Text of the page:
In Waterfront, investigative journalist and former police detective Duncan McNab chronicles the larger-than-life characters who have populated Australia’s docks, wharves and ports — and lifts the lid on the crime, politics, violence and corruption that has always been present on Australia’s waterfront.


daisley-coming-rain-nz-prize
Stephen Daisley wins NZ$50,000 fiction prize at Ockham NZ Book Awards… Reviewer Sue Green writes: ‘It is four years since Stephen Daisley’s heartbreakingly beautiful debut novel Traitor. Many of us enjoyed the irony of this Western Australia-based Kiwi winning the $80,000 Australian Prime Minister’s Literary Award for Fiction with what was, at its heart, a very New Zealand story. So it was disconcerting to discover that this much-anticipated second book is wrought by his experience in the harsh environs of rural Western Australia. Shearer, truck driver, sheep and cattle station worker, Daisley, who moved to Australia more than twenty-five years ago, knows and loves this unforgiving country and its people. And it shows. Even such unlovely characters as the violent bigot Painter Hayes are drawn with compassion for a man of his place and time… ’
‘This is a brutal, unflinching work with moments of shocking violence. Yet it is rendered with the same compassion, the exquisite tenderness and eye for beauty in the harshest places which made Traitor so affecting and memorable.’


Have a Happy 2017! And here are some of our new books: Click on these underlined links to see more about each writer:


tranter-k-hold-cvr
Kirsten Tranter, Hold
    ‘A compelling story… so perfectly calibrated that it’s like being at the centre of an unfolding flower.’  — Amanda Lohrey

    ‘Sensual, spooky, and utterly beguiling: Hold is an enormously powerful work of art, an intimate portrait of grief and betrayal.’  — Ceridwen Dovey, author of Only the Animals

You can read Linda Morris‘s long 2016 interview with the author in The Melbourne Age here.


devenish-secret-cvrLuke Devenish, The Secret Heiress: A fabulous fortune. Beautiful, identical twins… Dark shadows fall across the golden summer of 1886. Naïve country girl Ida Garfield longs to escape the farm. When Miss Matilda Gregory, the elegant mistress of Summersby House, offers Ida employment as a housemaid, Ida leaps at the chance. Yet it’s not for her servant’s skills that she’s wanted. It’s her inquisitiveness.

But before Ida starts her first day, Miss Gregory is found dead. Fearing her one chance of bettering herself lost, Ida goes to the funeral, hoping that someone else from Summersby will still want her.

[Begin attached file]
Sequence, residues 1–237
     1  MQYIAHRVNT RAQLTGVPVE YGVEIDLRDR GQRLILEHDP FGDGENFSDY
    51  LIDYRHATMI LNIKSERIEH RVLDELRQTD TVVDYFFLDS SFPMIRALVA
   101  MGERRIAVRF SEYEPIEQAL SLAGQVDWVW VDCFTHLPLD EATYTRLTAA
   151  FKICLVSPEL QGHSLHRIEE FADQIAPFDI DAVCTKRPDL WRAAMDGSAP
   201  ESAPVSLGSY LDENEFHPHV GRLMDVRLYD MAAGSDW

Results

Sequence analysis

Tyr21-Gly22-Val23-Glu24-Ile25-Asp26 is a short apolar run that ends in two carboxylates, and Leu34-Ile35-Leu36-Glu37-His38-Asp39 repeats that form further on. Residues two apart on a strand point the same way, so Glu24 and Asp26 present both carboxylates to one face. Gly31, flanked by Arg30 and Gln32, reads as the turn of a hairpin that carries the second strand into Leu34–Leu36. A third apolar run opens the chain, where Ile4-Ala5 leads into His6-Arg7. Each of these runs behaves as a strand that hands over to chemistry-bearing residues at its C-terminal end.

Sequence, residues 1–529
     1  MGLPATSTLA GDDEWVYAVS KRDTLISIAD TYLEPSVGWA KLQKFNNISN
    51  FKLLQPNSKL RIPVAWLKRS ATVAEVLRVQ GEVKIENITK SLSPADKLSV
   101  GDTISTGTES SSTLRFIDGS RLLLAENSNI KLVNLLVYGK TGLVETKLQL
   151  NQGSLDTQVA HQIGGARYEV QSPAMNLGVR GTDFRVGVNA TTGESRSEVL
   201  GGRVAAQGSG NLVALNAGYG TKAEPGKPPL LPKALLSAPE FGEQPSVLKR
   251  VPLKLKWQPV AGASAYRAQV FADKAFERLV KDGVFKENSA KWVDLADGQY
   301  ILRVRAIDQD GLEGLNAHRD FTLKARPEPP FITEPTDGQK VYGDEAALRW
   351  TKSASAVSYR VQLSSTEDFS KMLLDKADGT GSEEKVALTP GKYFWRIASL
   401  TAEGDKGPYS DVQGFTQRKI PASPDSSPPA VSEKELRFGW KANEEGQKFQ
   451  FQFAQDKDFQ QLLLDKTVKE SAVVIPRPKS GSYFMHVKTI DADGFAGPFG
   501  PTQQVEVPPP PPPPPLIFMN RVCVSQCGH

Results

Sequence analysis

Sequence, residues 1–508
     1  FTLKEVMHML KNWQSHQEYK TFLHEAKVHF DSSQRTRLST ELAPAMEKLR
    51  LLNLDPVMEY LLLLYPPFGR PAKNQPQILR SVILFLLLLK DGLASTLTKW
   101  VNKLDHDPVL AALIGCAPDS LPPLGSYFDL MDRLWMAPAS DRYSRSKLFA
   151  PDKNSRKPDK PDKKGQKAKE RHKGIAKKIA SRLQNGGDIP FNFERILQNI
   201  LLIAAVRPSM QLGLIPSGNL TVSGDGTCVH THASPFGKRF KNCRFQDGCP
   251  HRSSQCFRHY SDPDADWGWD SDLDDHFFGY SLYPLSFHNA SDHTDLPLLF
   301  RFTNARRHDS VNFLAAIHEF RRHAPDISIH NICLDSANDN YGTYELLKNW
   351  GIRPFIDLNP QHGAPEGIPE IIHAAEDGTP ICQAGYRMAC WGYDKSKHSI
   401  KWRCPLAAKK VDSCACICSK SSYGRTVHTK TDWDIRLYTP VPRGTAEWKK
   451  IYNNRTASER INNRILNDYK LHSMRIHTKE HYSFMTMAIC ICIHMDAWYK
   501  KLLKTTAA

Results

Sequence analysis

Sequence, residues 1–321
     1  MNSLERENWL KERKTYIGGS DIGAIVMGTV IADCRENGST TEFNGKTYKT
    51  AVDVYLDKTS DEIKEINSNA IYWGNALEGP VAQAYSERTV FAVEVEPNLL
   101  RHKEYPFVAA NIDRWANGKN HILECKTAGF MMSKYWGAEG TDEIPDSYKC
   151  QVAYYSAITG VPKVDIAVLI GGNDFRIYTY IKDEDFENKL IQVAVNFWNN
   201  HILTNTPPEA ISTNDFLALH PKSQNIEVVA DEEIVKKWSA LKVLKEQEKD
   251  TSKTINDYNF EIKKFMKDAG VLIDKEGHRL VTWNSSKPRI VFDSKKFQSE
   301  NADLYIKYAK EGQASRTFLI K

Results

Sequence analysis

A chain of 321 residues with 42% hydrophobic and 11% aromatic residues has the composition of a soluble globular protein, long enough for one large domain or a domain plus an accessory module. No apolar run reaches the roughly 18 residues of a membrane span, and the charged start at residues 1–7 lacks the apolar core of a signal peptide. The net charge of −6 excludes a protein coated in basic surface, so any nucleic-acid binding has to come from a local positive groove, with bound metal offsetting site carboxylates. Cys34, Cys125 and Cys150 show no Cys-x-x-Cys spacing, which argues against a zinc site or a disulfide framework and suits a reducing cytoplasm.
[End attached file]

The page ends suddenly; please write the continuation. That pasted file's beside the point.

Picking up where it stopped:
Someone does. Handsome blond Englishman Mr Samuel Hackett is the late Miss Gregory’s fiancé. He expresses a keen need for a housemaid — and a friend. But Miss Gregory’s will brings to light an extraordinary deception and a terrible wrong from the past. Summersby has a secret heiress, whose name is also Matilda Gregory, a strange, ethereal girl with an irrevocably broken memory. Who is this mysterious heiress, and why is Ida bound forever to the truth?


cmp-the-long-run-cvr Catriona Menzies-Pike: The Long Run How did women’s running go from being suspect to wildly popular? How does a high school klutz become a marathon runner? This fascinating book combines memoir and cultural history to explore the rich and contradictory topic of women and running.


lohrey-kline-cvr Amanda Lohrey: A Short History of Richard Kline ‘Lohrey convinces us because we know she has one foot firmly on solid ground. Her first fiction, “The Morality of Gentlemen” (1984), remains the finest political novel in the slender Australian sub-genre. Just as Aldous Huxley brought a scientific rigour to his experiments with psychedelics in “The Doors of Perception” — and just as English novelist, translator and critic Tim Parks, famed for his pugnacious opinions, recently applied his fine-grained scepticism to an account of learning to meditate in “Teach Us to Sit Still” — Lohrey brings all the sober acerbity with which she has judged worldly things to a book about moving beyond them.’ — Geordie Williamson, The Australian.


coulthart-bean-cvr-lores
“Sixty Minutes” journalist Ross Coulthart has shared top prize in the history category at the Prime Minister’s literary awards for his detailed, thoughtful and investigative biography of one of Australia’s greatest war correspondents, Charles Bean. Ross shared the prize with David Horner, who wrote an unofficial history of ASIO called The Spy Catchers.

 

tommy-2